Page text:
The Real Truth About Being a Minimalist

March 2020
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Our family ditched most of our things about 3 years ago and never looked back. Do I miss some things? Occasionally yes. Do I miss the time and hassle of having too much stuff? Heck No! For us the decision was sparked by traveling more and ultimately only owning what we could fit into four suitcases became the new ideal. I know it sounds a little crazy, but I have never been happier than I am now with so few possessions.

The things I thought I needed it turned out that I really didn’t. And a bonus that I didn’t even realize at the time is that downsizing has made me a better steward for the planet as well. If I can get rid of some things I thought I needed, I can definitely cut plastic bags and straws out of my life. Cutting out unnecessary things from my life has become second nature.

What I wasn’t expecting by becoming minimalists is what other people would think and sometimes their very wrong assumptions so let’s take a minute to clear those up with a little game of Myth or Truth? Here are the most frequent myths and truths that I hear:

Being a minimalist means you pretty much own nothing. MYTH.

While it can improve your overall well-being and happiness, being a minimalist can also be damaging if taken too far. Not everyone can handle owning only 100 items that are strictly for utilitarian purposes. As our now well-known Japanese friend says “keep things that spark joy” this applies even to minimalists. Keep things that make you happy. Being a minimalist doesn’t mean you can’t have art on your walls or trinkets in a cabinet. It just means that those things don’t complicate or clutter your life.

(You can still have hobbies like my little Storm Trooper friend here)

Most non-extreme minimalists still have plants, art and other non- utilitarian objects that bring joy and happiness to their home. You don’t have to live in a sterile environment (very few human beings would want to) and you can still have hobbies and pastimes that require certain products or things. Bottom line? Owning nothing is not what minimalism is about. It’s about simplifying your life and creating more time for the things that really matter.

Once I declutter my home it will stay that way. Myth.

This is a common myth. Once I get rid of all my junk I’ll be set! I equate organizing, downsizing and general clearing of clutter to like when you lose 20 pounds. While the endeavor of that task is monumental and noteworthy the real trick comes afterward when you have to keep the weight or clutter at bay. It’s so easy to slip back into old habits and Amazon is way too easy to order from. To make sure you stay decluttered is the real feat and it takes constant discipline.

Being a minimalist will mean my house is always clean. MYTH. 

Haha! I wish! I don’t know how it is for single people that become minimalist, but for someone like myself with kids and a husband, our space can still get messy. In the end, stuff is stuff and kids are kids. One “little” craft project as my daughter calls it, and tiny pieces of paper are everywhere. So what’s the difference you’re wondering? What’s the upside? Those tiny pieces of paper can easily be vacuumed or swept up and I don’t have to worry about other toys or objects on the floor. Projects and toys don’t keep overlapping.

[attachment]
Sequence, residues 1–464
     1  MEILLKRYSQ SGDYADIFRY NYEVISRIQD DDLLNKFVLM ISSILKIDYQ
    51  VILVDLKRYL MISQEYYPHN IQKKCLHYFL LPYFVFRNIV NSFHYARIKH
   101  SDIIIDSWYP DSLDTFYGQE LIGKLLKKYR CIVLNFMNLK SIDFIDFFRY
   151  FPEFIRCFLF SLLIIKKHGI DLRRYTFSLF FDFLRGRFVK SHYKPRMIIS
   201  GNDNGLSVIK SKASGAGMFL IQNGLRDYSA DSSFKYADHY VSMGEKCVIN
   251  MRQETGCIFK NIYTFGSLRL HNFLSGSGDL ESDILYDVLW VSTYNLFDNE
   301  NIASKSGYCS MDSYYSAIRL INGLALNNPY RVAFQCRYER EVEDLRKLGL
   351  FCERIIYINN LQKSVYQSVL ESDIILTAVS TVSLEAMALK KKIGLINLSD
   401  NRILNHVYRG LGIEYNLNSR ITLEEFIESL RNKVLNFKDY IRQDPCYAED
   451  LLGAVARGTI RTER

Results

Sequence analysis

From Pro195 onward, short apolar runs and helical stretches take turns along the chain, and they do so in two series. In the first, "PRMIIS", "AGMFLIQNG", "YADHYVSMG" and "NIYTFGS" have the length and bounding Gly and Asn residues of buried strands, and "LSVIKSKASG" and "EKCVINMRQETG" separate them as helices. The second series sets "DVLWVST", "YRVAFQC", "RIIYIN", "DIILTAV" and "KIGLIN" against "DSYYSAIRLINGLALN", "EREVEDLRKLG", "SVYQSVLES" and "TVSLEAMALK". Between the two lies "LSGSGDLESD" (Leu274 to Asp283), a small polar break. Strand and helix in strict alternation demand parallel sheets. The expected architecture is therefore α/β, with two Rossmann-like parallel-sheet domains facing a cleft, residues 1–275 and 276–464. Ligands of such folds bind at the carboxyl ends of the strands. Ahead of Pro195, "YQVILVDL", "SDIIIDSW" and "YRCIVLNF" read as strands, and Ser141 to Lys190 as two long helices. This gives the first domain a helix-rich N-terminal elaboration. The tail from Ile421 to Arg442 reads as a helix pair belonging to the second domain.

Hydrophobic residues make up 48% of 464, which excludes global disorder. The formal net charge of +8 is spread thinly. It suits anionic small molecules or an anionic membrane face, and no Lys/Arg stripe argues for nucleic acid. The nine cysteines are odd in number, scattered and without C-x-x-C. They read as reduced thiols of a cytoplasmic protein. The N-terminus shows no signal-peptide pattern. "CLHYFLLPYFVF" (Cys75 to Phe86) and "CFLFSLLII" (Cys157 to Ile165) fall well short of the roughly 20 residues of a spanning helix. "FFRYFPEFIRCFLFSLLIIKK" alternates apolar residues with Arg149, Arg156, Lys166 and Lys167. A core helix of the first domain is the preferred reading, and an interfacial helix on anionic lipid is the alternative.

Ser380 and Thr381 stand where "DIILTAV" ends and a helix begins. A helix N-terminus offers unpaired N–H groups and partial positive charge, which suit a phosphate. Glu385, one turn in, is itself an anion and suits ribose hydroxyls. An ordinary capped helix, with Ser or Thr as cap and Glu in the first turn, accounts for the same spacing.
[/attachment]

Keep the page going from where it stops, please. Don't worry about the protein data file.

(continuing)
I remember before we changed our lifestyle I would see toys under more toys knowing that my kids hadn’t played with them in days. Project after project would get left behind and just pile up into a bigger mess. Now if something needs to be cleaned up its typically just one item. While I hate how messy LEGO’s can get when it’s time to clean them up that is the only thing my kids have to clean up.

(No Superman powers needed to clean up our messes)

I couldn’t stand the pile of dirty dishes before our life shift. Dishes are dirty? That’s okay just grab another one out of the cabinet and add it to the pile. While we will still have dirty dishes, we only have one item per person now so if you want to use a bowl then you need to wash a bowl.  We have no extras of anything so you wash what you use and then use it again.

Being a minimalist will give me more time in my day. TRUTH.

While you will still have to clean and declutter… yes, even minimalists have to declutter; you will free up so much more time in your day. I can’t even count how much time I used to spend “trying to find something”. Kids and occasionally husbands aren’t the best at spotting lost items anyway, but throw those items in with a bunch of clutter and it becomes very difficult and time consuming.

Now we only have so many items and there are only so many places that “said item” can be. On the other hand, if you have mom brain like I occasionally do, you could end up spending 10 minutes looking for your bra only to realize you’re wearing it. This actually happened last week and I thought I was losing my MIND!

Being a minimalist or even decluttering doesn’t happen overnight. TRUTH. 

It’s a process and that’s putting it lightly. It’s no easy feat and everyone has their limit. While some families would benefit from just having a small part of the kitchen counter always cleared and clean, some really just want to ditch the junk drawer. Clean and de-cluttered means different things for different people. First step is really to slowly start donating and recycling those things that clutter your life and who knows maybe one day you will be a minimalist too. 

What are your thoughts on minimalism? Is it something you would like to try? Why or why not? Let us know on our Facebook and Instagram pages.


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